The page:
Managing Your Dog’s Environment.

Training your dog is crucial to a good relationship with your dog. However, in some circumstances, managing your dog’s environment is important too. Read our Holidays4Dogs article to find out more.

There are many situations where managing your dog’s environment will be helpful. Engineering your dog’s environment during a period of training, for example, will help you progress faster. In some cases, it can be used as a means of replacing unworkable training outcomes.

Management the dog’s environment is certainly important while you are trying to teach your dog more appropriate behaviours. A good example is teaching your dog not to counter surf. 

In this particular case, it makes good sense never to leave anything on the counter to tempt your dog. This means ensuring work tops are kept free from any foodstuffs, crumbs, bread bins, etc.

Removing temptation.

Your training programme needs to take into account how you are going to stop your dog from being rewarded for the behaviour you do not want. In the case of counter surfing, you need to prevent your dog from rewarding him, or herself, with items from the counter. This is especially important for times when you are not around.

Another example may involve a dog that chews all manner of household items such as shoes, wires and clothing. This is common behaviour with puppies; (and is perfectly normal while they are teething).

However, by removing all loose, chewable items from every room and providing him with safe alternatives, you are likely to have a lot more success.

There are some instances where management techniques alone will suffice. For example, if you want to stop your dog from drinking out of the toilet bowl, close the lid. Keep the bathroom door closed at all times.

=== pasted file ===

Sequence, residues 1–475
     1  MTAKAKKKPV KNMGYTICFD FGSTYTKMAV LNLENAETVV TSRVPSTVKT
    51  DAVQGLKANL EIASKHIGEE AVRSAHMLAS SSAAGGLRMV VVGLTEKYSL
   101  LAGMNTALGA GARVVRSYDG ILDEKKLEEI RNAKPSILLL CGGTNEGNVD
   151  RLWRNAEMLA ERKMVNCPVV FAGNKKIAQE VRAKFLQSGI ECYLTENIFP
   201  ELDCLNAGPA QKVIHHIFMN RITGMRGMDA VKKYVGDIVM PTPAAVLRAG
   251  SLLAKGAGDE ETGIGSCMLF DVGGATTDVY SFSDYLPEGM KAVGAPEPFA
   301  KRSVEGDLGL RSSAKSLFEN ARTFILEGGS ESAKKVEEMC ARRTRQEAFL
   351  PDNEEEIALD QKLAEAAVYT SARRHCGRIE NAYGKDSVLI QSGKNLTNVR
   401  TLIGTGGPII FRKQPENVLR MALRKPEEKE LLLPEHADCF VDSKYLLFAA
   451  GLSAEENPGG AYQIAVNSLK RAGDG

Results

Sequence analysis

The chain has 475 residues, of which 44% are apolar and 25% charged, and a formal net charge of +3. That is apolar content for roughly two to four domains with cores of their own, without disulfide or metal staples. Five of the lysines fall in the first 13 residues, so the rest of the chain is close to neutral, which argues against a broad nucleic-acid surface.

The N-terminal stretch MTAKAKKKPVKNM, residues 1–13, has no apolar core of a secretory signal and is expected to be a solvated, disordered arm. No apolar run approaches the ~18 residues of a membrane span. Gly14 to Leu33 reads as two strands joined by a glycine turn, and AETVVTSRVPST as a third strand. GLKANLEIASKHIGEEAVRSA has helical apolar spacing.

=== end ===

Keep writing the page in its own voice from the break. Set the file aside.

Weigh up the effort it would take to train the dog not  to drink from the toilet bowl, against training members of the household to remember to keep the door closed!

At the other end of the scale, managing your dog alone without paying attention to training, or behaviour issues, may very well end up in failure. This is an important factor to consider as there may be various consequences.

For example, if it is simply a case of your dog accidentally having access to the toilet bowl once in a while, this is a minor fail. However, if you are keeping doors shut to stop your dog from biting visitors, the consequences of not doing so could be disastrous. In this case, training and behaviour modification is a crucial element. Seek help from an experienced trainer, or behaviourist.

Managing the environment to help the nervous dog.

Managing the environment is important when it comes to helping the nervous, or reactive dog. If your dog is nervous of other dogs, or people for example, putting him in the deep end and expecting him to cope with crowded places is unlikely to help the situation.

Gradually expose your dog to people and other dogs using positive reinforcement training and start in quiet places. This way, you are much more likely to succeed. If you want to know more about how to help nervous dogs you can read our other Holidays4Dogs article here and here.


Managing your dog’s environment can often be the difference between success and failure. By being mindful of your dog’s overall experiences, you can help your dog to learn faster in a positive way. There are many committed dog owners who have well thought out approaches to managing their dogs. Setting your dog up for success is most definitely an important factor in a happy dog and owner partnership.